• avatar
    Add Lightness

    The highest approval of the new Toyota’s off-road ruggedness and reliability in extreme conditions…..
    Will the Taliban use the new Toyotas or keep their old ones?

  • avatar
    stuki

    Going solely by experience with the Raptor, bypass shocks like these NEED to find their way into luxury rides, not just offroad ones. Instead of building handbags, Cadillac shouldn’t let anyone on staff leave the office, until every single one of their bigger, more comfort centric, cars have shocks like these, tuned differently for each model.

    If they can make otherwise clumsy platforms like leaf sprung BOF pickups float over dessert trails, they should be standard issue for makes aspiring to luxury status in markets like ours, where the average street now resemble Baja more than what a Swiss or German road engineer would sign off on.

    Toyota should stick them on the Avalon, and the LS and Land Cruiser as well. Again, at least based on Raptor experience, they’ll more than be worth it in ride quality for those cars’ comfort driven, and willing to spend a bit for it, segments.

  • avatar
    tylanner

    I desperately want a Cavalry Blue 18/19 TRD Pro…

  • avatar
    cimarron typeR

    Should call it the “Dante’s Peak” edition, maybe put some lava proof roof cladding for the too-hard-to make look like a scruffy scientist who’s usually is James Bond.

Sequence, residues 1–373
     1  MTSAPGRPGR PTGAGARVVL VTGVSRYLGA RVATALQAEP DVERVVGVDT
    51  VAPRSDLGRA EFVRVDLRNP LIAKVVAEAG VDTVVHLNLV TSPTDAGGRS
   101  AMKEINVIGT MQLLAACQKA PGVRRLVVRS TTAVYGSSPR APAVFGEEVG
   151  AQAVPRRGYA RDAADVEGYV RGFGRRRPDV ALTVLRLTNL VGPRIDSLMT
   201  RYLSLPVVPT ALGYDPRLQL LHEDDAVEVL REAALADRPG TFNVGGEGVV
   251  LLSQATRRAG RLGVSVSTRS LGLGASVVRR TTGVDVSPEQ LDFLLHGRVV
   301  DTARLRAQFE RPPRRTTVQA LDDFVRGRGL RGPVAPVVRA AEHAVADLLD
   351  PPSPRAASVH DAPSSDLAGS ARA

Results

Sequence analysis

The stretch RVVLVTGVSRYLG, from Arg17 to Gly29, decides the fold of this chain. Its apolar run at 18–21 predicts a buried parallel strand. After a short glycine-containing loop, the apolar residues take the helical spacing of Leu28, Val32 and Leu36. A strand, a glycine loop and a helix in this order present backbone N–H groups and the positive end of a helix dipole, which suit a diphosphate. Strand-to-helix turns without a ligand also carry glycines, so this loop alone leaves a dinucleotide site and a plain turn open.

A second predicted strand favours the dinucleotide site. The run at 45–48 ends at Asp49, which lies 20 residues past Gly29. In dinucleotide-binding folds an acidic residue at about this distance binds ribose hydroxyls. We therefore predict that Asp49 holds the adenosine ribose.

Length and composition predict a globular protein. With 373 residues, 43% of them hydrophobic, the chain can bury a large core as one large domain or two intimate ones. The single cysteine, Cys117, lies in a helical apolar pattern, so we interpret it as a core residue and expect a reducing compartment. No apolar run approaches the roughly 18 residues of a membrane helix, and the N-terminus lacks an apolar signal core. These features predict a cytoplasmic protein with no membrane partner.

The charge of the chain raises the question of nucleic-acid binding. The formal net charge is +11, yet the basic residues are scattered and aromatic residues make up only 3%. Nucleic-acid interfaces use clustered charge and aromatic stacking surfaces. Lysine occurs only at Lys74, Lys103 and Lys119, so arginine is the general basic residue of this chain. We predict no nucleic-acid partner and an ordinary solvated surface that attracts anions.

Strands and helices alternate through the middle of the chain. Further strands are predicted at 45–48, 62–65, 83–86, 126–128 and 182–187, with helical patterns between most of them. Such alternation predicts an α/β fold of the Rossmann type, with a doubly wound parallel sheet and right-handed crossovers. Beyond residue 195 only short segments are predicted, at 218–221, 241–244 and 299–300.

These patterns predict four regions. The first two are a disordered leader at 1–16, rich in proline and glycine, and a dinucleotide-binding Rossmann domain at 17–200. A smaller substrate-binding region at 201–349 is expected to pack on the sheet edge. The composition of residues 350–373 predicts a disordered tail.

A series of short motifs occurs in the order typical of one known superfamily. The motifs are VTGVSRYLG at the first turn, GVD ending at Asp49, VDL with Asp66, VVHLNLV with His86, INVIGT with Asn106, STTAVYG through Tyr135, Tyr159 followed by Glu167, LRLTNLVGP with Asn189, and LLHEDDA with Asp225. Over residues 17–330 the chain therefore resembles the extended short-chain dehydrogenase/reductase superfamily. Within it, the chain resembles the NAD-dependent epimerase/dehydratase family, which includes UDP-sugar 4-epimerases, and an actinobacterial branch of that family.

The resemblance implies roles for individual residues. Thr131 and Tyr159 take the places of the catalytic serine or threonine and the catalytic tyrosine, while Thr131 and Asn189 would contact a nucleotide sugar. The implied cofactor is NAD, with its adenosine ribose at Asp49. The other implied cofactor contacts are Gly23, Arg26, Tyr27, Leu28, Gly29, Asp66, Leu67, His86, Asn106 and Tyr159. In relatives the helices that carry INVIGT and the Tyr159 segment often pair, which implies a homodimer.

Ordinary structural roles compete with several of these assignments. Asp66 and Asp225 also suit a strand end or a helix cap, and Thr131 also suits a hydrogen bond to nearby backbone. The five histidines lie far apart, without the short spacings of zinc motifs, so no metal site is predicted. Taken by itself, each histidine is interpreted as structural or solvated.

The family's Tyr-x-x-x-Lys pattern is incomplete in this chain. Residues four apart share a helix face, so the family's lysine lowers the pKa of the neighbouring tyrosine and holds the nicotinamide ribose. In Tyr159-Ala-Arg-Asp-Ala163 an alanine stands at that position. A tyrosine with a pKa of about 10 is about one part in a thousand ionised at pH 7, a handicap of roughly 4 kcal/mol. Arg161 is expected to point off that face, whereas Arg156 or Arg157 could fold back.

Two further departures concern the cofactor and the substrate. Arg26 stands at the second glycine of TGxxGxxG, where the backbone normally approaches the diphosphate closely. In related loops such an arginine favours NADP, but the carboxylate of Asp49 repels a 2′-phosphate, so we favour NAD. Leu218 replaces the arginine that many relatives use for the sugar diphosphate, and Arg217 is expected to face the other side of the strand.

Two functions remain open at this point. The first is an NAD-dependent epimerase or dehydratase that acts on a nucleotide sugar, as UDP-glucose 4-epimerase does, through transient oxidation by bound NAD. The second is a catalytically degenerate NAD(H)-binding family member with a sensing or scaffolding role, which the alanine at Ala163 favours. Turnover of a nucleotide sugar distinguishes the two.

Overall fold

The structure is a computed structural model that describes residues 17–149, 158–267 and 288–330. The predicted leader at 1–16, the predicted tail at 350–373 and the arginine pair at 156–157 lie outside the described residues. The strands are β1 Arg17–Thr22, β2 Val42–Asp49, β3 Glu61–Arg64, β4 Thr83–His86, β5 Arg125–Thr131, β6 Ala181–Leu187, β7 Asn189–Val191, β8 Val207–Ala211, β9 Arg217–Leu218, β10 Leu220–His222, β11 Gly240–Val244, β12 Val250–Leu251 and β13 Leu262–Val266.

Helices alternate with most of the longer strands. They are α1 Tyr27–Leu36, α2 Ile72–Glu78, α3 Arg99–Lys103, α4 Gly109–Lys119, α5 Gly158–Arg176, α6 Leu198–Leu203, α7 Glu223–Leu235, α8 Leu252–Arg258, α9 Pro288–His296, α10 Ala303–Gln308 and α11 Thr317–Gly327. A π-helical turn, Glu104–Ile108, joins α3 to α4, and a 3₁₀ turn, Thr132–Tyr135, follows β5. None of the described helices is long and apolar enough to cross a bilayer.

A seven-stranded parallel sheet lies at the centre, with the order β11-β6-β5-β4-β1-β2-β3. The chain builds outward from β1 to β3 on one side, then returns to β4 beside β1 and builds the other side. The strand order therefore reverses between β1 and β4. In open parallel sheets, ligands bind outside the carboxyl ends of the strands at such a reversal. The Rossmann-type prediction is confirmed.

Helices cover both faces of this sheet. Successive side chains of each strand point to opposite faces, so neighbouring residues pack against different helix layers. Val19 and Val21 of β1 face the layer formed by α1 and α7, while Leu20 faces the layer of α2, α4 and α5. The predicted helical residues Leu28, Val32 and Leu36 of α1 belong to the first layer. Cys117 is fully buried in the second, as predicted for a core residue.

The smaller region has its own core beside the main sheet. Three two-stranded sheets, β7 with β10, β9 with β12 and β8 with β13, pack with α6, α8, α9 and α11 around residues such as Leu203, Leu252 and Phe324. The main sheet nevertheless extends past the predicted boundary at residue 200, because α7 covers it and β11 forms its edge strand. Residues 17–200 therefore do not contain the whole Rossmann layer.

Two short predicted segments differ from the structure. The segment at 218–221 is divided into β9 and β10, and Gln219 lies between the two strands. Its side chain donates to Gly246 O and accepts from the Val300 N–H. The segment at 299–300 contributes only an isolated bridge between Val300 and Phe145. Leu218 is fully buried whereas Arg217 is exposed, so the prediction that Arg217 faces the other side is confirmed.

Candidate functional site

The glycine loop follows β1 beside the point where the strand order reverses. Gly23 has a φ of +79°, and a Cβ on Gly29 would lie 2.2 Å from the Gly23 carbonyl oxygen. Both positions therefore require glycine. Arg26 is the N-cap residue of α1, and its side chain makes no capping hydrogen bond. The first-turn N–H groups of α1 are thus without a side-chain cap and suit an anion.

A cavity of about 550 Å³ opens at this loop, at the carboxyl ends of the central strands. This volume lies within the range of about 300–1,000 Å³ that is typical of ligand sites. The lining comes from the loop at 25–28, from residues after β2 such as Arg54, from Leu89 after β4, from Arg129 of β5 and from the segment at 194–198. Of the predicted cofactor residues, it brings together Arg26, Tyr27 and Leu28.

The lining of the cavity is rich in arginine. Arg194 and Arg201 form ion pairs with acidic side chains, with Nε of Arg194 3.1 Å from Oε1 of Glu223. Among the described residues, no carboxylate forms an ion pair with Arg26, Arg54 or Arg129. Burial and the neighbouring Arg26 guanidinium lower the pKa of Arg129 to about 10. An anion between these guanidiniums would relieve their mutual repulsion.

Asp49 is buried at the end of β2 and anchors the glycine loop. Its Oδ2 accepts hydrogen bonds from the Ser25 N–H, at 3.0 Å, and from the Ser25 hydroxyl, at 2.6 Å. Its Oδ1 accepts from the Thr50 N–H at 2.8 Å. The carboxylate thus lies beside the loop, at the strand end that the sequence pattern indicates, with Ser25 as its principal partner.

• avatar
    Bloody-Brit

    Cannot beat the quality of a Toyota Truck. Last truck I bought was an F150 when I wanted a Tundra and constantly regretted my choice, small things like electric windows, fuel filler door kept going wrong. Drivetrain was fine, but I had the 5.4 and knew once past 100,000 it could fail. Anyway cannot beat the small trucks, look at this guy: http://www.dashboard-light.com/are-old-trucks-better-than-new-trucks/

  • avatar
    Lou_BC

    “the same 2.5-inch Fox internal bypass shocks found on the existing Tacoma TRD Pro make their way into the full-size Tundra and midsize 4Runner SUV”

    Actually no. They might all share the same brand of shock but they will be tuned for each application. A Tacoma tuned shock would not work well on the heavier Tundra and might be too stiff for 4Runner.